A Monster Calls – Review

Worth seeing: as an uplifting, visually arresting and magical exploration of a young boy's journey of self-discovery in the face of grief
Director:JA Bayona
Featuring:Lewis MacDougall, Liam Neeson, Felicity Jones, Geraldine Chaplin, James Melville, Sigourney Weaver, Toby Kebbell
Length:108 minutes
Country:Spain, US
Released:1st January 2017


Life isn’t easy for twelve year old Conor (Lewis MacDougall); he’s constantly bullied at school, but gets no solace at home, where his mother (Felicity Jones) has been diagnosed with terminal cancer, his father (Toby Kebbell) has long since moved to America with his new family and his grandmother (Sigourney Weaver) is an overbearing matriarch who creates a fuss if he so much as puts his school bag down in the wrong place.

One night, just after midnight, Conor is woken by a noise outside. He rushes to the window and sees a yew tree unfurl into a giant Monster (voiced by Liam Neeson), which has come not to create havoc and destruction, but to chat; specifically, to tell him three stories that should help him come to terms with the difficulties in his life and turn his weaknesses into strengths.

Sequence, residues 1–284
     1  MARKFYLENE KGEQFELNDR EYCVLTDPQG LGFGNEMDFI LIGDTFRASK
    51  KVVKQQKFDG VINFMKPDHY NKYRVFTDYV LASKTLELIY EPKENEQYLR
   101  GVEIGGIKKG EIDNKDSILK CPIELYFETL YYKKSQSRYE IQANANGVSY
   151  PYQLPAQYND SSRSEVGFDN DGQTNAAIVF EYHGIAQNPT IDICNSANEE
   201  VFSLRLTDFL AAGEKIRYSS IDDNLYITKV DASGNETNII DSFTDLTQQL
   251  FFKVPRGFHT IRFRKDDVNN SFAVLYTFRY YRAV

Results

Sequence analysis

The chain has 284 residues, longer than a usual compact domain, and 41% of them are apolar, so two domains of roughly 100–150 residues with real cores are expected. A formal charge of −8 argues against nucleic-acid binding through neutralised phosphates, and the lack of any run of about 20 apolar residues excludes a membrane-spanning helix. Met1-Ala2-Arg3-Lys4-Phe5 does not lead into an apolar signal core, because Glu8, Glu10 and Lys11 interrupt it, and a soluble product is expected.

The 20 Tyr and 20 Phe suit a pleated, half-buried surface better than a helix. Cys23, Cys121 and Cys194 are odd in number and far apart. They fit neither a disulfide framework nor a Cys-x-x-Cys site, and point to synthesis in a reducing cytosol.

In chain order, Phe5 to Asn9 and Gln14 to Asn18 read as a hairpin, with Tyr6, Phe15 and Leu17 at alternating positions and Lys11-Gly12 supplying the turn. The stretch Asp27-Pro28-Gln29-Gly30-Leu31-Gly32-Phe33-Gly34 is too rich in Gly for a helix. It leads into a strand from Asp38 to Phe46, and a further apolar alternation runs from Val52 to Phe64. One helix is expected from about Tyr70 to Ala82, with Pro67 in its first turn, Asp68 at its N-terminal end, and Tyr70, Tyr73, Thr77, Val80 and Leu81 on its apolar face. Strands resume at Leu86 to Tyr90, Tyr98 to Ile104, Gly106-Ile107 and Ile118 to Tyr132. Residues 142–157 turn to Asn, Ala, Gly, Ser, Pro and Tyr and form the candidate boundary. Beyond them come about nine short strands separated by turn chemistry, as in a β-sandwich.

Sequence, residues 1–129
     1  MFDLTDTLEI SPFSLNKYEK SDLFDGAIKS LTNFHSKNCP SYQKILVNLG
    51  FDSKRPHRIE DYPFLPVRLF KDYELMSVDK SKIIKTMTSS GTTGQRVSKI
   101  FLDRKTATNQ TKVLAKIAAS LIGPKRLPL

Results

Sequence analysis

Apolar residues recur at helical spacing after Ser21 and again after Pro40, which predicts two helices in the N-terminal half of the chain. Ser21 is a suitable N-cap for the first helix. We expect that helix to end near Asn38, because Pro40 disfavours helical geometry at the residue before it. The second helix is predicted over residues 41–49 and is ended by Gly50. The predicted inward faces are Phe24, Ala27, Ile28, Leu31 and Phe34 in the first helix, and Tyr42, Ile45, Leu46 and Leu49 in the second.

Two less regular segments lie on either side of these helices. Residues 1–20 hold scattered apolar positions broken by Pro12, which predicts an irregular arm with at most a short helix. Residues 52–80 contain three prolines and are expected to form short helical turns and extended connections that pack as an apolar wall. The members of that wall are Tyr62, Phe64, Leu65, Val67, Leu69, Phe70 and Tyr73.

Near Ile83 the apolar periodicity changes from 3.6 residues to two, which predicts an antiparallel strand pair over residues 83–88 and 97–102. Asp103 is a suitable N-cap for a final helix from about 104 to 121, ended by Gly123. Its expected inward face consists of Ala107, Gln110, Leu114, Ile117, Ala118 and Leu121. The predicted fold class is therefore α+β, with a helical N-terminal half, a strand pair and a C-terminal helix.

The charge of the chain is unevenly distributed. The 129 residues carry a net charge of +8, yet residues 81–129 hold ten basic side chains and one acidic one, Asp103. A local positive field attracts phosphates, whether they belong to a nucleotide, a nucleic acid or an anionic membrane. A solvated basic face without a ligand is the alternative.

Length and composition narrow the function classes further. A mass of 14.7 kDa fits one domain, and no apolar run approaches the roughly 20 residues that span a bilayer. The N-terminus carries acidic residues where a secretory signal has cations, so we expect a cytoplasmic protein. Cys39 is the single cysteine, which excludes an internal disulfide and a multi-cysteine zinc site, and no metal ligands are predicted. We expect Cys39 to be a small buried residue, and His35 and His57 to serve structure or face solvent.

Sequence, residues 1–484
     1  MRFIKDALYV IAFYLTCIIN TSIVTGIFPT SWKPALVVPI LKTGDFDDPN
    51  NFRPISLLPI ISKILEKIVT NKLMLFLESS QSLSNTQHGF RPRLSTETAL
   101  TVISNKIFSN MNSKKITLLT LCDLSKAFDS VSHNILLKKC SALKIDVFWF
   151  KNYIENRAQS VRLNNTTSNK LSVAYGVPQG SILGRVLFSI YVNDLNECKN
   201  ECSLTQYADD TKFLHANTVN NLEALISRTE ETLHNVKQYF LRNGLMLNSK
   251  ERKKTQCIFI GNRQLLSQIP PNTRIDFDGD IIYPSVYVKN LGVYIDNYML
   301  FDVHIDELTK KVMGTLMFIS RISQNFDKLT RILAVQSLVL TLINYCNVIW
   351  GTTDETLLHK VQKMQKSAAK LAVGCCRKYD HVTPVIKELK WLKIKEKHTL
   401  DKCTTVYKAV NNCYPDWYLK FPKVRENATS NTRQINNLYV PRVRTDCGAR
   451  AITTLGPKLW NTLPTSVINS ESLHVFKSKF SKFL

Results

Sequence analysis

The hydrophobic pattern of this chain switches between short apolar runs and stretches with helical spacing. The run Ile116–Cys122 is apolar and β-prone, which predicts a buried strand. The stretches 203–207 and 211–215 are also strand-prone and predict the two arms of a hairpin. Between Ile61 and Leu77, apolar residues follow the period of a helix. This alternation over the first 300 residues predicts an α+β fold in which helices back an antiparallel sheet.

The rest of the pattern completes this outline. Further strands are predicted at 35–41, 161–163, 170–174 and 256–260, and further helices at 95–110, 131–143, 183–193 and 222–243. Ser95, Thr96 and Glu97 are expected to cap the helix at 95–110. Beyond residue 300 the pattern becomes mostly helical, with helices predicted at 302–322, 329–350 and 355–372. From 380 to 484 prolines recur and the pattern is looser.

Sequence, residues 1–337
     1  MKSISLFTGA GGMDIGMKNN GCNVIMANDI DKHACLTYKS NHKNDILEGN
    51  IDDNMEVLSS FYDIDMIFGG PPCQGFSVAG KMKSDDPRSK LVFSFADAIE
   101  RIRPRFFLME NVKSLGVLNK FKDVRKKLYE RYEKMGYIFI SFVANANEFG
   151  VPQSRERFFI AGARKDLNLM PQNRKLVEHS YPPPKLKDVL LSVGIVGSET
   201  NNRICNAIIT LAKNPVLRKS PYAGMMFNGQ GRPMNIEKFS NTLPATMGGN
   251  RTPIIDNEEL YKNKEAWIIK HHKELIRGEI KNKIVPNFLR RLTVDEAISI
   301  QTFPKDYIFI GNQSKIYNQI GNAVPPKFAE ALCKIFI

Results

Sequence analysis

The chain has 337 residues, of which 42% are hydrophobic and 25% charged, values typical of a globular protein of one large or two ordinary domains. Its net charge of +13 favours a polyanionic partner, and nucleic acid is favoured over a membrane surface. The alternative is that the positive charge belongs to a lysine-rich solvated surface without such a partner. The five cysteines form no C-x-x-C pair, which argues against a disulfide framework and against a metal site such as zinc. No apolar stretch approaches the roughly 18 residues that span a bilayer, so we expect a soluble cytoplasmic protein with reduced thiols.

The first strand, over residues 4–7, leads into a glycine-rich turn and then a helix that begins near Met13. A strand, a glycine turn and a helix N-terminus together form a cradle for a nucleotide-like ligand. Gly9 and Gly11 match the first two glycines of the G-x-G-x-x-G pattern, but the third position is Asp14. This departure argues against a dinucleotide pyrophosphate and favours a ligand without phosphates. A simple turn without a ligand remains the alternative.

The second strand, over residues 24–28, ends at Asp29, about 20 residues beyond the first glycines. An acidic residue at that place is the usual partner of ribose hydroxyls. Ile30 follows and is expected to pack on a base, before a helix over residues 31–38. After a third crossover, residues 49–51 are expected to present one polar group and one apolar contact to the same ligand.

With the often uninvited encouragement of the Monster, young Conor is forced to grow up fast and confront his fears, as his mother’s health declines, his grandmother struggles to look after him in her absence, his father visits from the US and the school bullying reaches a zenith.


We’ve seen “coming of age” films many times before, and there’s nothing like a terminally ill mother at home and a gang of bullies at school to test the resolve of the most assertive adolescent.

But that’s where the box ticking ends.

The eponymous Monster – whether real or imagined – comes not to save the day but to help our protagonist work out how to save the day for himself. And each time it relates a story, which see it unfold in a different style of animation, providing visual variety like few films, without distracting from the narrative or its message.

What might appear to young children as fairy-tales can be read by the more mature among us as life lessons, helping Conor to beckon adulthood necessarily prematurely – but also ensuring that the film itself can appeal on many levels; as anything from an unashamed story-telling fantasy to a heart-warming coming-of-age drama, depending on where viewers are on the spectrum themselves.

Despite being visually varied, the tales blend seamlessly with the overarching plot, allowing it to flow naturally, without it feeling like a train journey making stops on the way.

Much of the acting feels a little small screen, but JA Bayona’s direction ensures that his vision explodes off the big screen, creating a cinematic delight that tugs at the heart-strings.

At times, the life lessons themselves don’t seem to be as profound as they might, it’s not clear whether they’d even help Conor develop the maturity that his situation requires and the wider narrative sometimes feels a little formulaic.

But the overwhelming feeling you’ll get on leaving the cinema is that you’ve been visited by a Monster that’s helped you reassess your own life for the better.